Reading in OverDrive

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Before I joined the Peace Corps as a volunteer in May, after working for 14 years at Duke University, I used to borrow books regularly from both the Duke and Durham County libraries.

I still do, although I no longer check out bound books. Instead, I download electronic versions halfway around the world.

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I just finished reading Weapons of Math Destruction, Cathy O’Neil’s description of the dangers posed by big data, which I’d seen on the New York Times 100 notable books list for 2016.

I downloaded it for free onto my Kindle Paperwhite using the OverDrive “Digital Library Reserve” system offered by both the Duke and Durham libraries, which I access as a Duke retireee and Durham resident.

screen-shot-2016-12-03-at-11-22-25-amMore than 2,000 Duke users will check out more than 10,000 books from OverDrive this year, according to Aaron Welborn at Duke University Libraries. Roughly two-thirds will be audiobooks. I mainly check out ebooks since I prefer to use my “headphone time” for podcasts and music.

“We chose to subscribe to OverDrive precisely because we know that our Duke community extends way beyond the campus, and we want all users, no matter how far-flung, to have access to a wide array of e-books,” Deborah Jakubs, the university librarian and vice provost for library affairs, explained to me in an e-mail message.

Working as a community development volunteer in Moldova, in eastern Europe, together with my wife, I certainly qualify as “far-flung.” It’s difficult to find current American books here and I can buy nearly a week’s groceries for what it costs to download one best-seller from Amazon.

The Duke and Durham libraries each allow me to download up to three books at a time, generally for three weeks. Champa and I don’t have a television or a subscription to Netflix, Hulu or Amazon Prime, like some other volunteers. Instead, I usually read in the evening before going to sleep.

“We selected OverDrive to serve Durham residents who prefer to read books electronically or can’t come easily to one of our branches,” Tammy Baggett, director of the Durham County Library, wrote me. “We didn’t have Peace Corps volunteers in mind but it makes our hearts happy to know they are benefitting, too.”

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Since I arrived, I’ve read popular current novels such as Donna Tartt’s The Goldfinch, Chris Pavone’s The Expats and Anne Tyler’s A Spool of Blue Thread, as well as more harrowing tales such as Delicious Foods by James Hannaham and Station Eleven by Emily St. John Mandel. I’ve enjoyed short stories by Alice Munro, history from Erik Larson, science from Malcolm Gladwell, humor from Kurt Vonnegut, inspiration from Nicholas Kristof and Sheryl WuDunn and thrillers from John Grisham, David Baldacci and Gillian Flynn.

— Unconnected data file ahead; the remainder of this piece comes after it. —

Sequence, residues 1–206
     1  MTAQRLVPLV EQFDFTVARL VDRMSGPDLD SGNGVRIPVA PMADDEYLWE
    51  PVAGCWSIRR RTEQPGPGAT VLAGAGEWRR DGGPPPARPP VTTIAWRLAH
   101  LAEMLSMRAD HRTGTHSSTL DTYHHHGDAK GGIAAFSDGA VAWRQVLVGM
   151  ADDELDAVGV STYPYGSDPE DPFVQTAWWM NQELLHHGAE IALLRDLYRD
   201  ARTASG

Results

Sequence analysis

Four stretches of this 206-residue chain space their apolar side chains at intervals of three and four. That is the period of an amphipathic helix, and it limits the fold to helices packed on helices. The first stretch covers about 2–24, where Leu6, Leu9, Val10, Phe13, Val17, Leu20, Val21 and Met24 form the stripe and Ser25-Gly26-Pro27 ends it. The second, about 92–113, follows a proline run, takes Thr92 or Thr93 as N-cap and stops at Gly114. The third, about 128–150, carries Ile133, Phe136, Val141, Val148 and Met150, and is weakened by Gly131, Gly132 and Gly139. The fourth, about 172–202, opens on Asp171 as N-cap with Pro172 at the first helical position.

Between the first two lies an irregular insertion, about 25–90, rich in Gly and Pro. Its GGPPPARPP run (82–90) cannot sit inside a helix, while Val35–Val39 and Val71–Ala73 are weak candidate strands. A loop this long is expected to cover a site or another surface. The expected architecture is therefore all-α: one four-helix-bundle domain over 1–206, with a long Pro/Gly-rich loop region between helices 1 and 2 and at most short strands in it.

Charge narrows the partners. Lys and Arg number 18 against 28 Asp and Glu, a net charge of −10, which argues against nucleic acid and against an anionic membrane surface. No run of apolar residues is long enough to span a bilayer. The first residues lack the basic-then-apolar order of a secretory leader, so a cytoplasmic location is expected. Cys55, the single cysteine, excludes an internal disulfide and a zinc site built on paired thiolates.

I loved Patti Smith’s book about her friendship with artist Robert Mapplethorpe, Just Kids, which led me to borrow a copy of Bob Dylan’s Chronicles from the Peace Corps library here, shortly before he won the Nobel Prize. One of the few other “hard copies” I’ve read was a terrific short-story collection from George Saunders that one of my former academic advisees and favorite Duke students gave me as a farewell present. (Shout out, Katie Fernelius!)

I’m now finishing up Chaos Monkeys, a book about Silicon Valley, and starting soon on Jeffrey Toobin’s book about Patty Hearst.

Separate from the OverDrive system, I downloaded free copies of more than a dozen classics from Project Gutenberg. So far, I’ve only skimmed a few of them. Bram Stoker’s Dracula was a treat since the castle that inspired the book is near where I now live. I keep meaning to read the others, especially while I am in Peace Corps, but I return again and again to OverDrive.

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I told OverDrive’s David Burleigh about my favorable experience and he said, “Yours is a great example of libraries serving their readers even when they’re traveling or working abroad. We’re happy to play a role and make it easy for you.”

OverDrive also allows me to recommend books for my libraries to add and to reserve books currently checked out. As you can see in the photo above, I’m currently waiting on four books from the Durham library, all of which I’m excited to read.

Of course, Amazon and other online retailers would prefer that I buy books, which I did recently with Bessarabian Nights, a new novel by Stela Brinzeanu about trafficking and other problems in Moldova. It’s not in the OverDrive system and I was happy to give some business to the author, who fondly remembers being taught here by Peace Corps volunteers.

If you want to try OverDrive yourself, their home page lets you check whether your local library participates. I hope it does. For me, an active reader living far from home with a limited budget, it’s been a godsend. (I do, however, miss drinking coffee in Duke’s Perkins Library.)

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4 thoughts on “Reading in OverDrive”

  1. I listen to Overdrive a lot. I really enjoyed the book about Patty Hearst–since I lived through the 1970s and her adventures. Good job spreading the word about our great libraries.

    Like

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